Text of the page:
In the aftermath of World War II, as the Russian army rolled through East Prussia, many German citizens were displaced. Women were raped and children starved, their army husbands nowhere to be found, presumably dead or prisoners of war. In an effort to survive, children crossed the border into Lithuania to beg and work for food. Alvydas Šlepikas’s In the Shadow of Wolves breaks the long silence over these wolf children via a heartbreaking blend of historical facts and literary prose.
Eva and her children are among those pushed out of their family homes. They are forced to live in their woodshed. Amid the constant threats of the Russian soldiers, they wait for the return of Eva’s son, Heinz, who has gone to Lithuania for bread and fatback.
When Heinz returns and regales them with wonderful tales from across the border, one of Eva’s daughters, Renate, longs to make the next journey with him. Soon, though, the family is separated, with Heinz and Renate following different paths into Lithuania and Eva and her remaining children relocated by the Russians.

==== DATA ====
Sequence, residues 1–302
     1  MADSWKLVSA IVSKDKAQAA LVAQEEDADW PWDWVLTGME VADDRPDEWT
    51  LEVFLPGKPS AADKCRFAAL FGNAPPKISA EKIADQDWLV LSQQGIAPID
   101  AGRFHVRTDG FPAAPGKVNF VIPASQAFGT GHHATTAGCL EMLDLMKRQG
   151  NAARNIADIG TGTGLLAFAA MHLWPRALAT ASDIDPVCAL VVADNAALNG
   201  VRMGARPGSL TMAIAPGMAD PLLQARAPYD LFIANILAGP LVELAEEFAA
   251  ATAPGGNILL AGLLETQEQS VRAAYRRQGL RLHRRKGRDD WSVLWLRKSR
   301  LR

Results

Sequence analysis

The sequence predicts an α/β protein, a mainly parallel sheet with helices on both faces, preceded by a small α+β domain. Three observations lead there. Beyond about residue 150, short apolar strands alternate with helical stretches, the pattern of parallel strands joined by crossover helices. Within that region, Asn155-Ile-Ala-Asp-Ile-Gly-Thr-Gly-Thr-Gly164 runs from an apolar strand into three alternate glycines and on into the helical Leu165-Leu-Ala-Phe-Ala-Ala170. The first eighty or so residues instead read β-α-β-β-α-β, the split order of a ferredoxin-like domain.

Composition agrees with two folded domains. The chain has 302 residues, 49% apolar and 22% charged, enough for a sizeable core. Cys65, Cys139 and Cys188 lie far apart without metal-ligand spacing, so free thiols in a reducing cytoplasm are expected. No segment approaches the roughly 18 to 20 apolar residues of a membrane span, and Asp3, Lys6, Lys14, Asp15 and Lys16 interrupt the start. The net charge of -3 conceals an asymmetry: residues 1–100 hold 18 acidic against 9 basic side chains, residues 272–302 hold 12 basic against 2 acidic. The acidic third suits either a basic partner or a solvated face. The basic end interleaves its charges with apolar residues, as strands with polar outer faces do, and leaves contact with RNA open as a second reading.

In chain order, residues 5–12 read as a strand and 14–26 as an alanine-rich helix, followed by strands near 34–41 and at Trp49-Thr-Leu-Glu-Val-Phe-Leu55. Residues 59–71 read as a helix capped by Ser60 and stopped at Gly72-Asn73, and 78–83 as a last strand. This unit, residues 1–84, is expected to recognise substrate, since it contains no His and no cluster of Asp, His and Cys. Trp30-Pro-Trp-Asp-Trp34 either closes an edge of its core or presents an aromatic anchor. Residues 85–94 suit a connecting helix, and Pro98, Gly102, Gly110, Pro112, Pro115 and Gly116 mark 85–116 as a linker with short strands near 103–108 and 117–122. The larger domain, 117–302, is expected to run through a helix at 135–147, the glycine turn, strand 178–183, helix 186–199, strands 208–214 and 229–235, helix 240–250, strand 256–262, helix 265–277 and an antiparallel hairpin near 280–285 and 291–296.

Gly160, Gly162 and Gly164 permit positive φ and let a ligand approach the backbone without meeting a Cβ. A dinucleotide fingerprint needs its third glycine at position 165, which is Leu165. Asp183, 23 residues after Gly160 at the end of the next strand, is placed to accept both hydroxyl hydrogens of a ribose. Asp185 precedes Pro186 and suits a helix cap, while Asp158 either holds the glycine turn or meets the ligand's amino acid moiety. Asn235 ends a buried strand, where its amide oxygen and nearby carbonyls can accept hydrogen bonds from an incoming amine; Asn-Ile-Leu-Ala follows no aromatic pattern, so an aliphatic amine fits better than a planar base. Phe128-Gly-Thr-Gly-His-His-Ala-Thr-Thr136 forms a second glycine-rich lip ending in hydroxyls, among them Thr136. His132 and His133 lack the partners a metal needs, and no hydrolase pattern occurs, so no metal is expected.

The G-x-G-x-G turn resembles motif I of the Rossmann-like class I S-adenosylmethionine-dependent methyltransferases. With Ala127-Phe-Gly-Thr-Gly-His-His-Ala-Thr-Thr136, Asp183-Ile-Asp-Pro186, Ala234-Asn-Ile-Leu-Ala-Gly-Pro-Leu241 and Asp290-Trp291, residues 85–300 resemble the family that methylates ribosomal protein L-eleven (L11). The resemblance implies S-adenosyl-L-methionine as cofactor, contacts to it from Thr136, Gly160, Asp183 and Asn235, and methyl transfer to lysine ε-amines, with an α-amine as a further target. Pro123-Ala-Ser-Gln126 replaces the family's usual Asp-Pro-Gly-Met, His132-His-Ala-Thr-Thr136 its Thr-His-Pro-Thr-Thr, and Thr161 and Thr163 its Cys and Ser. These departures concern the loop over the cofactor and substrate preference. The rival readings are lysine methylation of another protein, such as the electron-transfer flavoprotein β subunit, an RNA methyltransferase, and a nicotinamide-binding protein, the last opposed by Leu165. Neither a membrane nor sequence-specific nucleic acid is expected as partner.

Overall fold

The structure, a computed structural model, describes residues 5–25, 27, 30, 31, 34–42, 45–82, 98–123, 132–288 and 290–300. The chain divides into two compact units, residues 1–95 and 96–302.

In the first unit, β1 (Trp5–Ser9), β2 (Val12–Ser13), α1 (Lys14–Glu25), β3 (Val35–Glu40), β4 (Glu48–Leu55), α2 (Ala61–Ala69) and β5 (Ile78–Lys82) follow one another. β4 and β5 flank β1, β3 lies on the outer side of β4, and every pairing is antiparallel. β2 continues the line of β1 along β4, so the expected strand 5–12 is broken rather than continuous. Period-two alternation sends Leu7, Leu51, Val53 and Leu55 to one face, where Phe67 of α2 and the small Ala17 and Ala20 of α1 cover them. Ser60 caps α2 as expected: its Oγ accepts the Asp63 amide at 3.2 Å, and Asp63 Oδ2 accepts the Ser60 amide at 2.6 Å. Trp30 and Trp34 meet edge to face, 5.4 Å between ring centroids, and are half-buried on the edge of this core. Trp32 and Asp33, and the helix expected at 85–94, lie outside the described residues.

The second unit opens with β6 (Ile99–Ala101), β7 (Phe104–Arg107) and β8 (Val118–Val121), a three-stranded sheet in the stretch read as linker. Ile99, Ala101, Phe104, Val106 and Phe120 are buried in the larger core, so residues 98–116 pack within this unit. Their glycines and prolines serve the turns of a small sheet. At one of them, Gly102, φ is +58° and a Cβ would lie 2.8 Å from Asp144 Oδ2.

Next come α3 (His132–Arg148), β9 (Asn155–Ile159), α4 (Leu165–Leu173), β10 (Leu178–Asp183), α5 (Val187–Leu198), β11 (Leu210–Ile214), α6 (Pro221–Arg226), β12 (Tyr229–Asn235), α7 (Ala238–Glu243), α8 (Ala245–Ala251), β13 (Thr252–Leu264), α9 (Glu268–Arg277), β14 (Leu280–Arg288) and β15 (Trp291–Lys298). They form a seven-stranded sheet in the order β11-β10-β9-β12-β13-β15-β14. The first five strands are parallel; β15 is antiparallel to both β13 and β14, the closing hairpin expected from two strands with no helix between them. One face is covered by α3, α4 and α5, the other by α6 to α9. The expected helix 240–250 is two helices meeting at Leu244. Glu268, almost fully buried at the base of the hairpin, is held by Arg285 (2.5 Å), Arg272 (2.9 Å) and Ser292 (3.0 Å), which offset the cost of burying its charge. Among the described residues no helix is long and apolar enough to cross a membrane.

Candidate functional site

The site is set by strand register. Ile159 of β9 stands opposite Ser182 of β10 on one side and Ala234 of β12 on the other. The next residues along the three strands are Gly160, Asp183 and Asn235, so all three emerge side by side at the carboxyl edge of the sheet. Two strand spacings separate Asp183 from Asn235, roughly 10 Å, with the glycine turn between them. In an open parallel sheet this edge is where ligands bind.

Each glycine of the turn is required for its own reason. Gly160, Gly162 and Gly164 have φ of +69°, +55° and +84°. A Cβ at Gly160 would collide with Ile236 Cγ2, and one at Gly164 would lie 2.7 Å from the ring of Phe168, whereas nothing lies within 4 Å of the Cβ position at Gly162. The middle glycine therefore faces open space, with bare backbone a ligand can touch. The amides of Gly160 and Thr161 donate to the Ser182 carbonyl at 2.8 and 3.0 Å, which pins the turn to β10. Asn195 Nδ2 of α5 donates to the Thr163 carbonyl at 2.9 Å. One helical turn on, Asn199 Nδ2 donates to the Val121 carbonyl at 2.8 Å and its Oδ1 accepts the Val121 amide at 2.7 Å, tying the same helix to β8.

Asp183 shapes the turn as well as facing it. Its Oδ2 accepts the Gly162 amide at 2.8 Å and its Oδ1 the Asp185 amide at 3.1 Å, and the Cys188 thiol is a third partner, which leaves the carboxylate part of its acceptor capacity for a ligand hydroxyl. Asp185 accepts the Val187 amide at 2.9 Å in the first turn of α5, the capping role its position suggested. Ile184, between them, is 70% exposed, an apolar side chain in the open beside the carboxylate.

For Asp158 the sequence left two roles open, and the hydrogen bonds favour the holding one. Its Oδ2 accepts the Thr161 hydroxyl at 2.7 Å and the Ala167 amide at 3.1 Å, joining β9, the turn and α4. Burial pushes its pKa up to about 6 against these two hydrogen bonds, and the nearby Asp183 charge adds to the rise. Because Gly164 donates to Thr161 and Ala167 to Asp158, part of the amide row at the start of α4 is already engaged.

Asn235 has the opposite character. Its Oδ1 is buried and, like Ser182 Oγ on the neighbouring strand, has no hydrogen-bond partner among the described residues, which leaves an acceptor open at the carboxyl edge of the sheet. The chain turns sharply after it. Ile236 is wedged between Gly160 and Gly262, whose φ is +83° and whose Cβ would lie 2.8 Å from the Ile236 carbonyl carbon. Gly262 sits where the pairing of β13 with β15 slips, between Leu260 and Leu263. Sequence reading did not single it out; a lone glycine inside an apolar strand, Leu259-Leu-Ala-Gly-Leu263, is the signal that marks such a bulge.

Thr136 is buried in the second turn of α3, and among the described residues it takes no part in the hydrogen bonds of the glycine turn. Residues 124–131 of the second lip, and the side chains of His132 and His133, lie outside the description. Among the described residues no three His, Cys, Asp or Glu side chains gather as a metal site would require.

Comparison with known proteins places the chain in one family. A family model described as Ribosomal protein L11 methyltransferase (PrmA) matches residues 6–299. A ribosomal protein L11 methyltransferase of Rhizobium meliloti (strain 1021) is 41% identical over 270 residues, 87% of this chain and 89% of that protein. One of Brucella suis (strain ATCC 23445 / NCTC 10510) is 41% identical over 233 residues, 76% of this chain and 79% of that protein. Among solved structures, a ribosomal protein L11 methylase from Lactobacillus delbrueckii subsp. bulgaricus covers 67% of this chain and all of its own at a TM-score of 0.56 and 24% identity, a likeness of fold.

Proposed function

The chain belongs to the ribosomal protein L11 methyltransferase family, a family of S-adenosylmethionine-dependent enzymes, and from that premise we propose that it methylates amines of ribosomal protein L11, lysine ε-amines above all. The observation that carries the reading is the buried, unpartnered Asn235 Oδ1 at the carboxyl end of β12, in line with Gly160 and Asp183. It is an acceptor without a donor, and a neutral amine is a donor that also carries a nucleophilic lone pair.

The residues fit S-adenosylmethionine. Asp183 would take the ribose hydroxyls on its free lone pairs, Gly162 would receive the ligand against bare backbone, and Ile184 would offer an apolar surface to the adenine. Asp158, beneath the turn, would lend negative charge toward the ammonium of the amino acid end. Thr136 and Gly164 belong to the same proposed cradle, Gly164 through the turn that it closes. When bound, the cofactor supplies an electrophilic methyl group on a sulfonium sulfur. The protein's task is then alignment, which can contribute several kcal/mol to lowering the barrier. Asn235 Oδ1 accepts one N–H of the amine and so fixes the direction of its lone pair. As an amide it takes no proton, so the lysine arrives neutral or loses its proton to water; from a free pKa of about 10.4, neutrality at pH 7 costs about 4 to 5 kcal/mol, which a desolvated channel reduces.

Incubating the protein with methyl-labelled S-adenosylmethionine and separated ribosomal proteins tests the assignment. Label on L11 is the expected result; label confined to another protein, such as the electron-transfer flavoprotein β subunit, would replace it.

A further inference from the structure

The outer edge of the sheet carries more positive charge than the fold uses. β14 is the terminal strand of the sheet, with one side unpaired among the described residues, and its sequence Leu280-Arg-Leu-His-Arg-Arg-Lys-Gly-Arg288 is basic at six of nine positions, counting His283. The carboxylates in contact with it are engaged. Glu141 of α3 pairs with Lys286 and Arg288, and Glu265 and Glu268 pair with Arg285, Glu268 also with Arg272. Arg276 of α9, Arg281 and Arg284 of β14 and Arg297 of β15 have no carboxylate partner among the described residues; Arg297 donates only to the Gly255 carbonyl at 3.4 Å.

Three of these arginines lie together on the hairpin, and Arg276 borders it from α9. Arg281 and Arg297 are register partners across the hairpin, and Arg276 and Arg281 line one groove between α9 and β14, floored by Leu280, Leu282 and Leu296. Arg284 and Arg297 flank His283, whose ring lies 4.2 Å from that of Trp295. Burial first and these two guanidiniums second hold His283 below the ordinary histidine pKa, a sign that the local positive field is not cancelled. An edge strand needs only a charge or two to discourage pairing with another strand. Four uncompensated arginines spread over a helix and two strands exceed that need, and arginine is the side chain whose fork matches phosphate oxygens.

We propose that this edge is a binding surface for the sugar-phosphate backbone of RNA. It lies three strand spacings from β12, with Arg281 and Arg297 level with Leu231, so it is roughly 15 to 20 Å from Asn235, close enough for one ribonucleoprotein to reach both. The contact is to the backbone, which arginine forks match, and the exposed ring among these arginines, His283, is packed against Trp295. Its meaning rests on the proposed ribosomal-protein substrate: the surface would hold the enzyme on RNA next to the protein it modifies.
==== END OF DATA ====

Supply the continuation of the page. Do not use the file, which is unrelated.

The bulk of the narrative follows Renate as she encounters friendly and unfriendly faces. Her quest to survive and regain her family is rendered in writing that is by turns brutally straightforward and soul stirring. Christian imagery tinges the pages with glimmers of hope, culminating in a beautiful episode with a Lithuanian couple who is on their way to Easter services. Each step along Renate’s way builds empathy for her plight and for the plights of so many Germans who had no direct involvement in Hitler’s march across Europe.
In the Shadow of Wolves opens the curtain on obscure history and curbs reader tendencies toward sweeping dehumanization.
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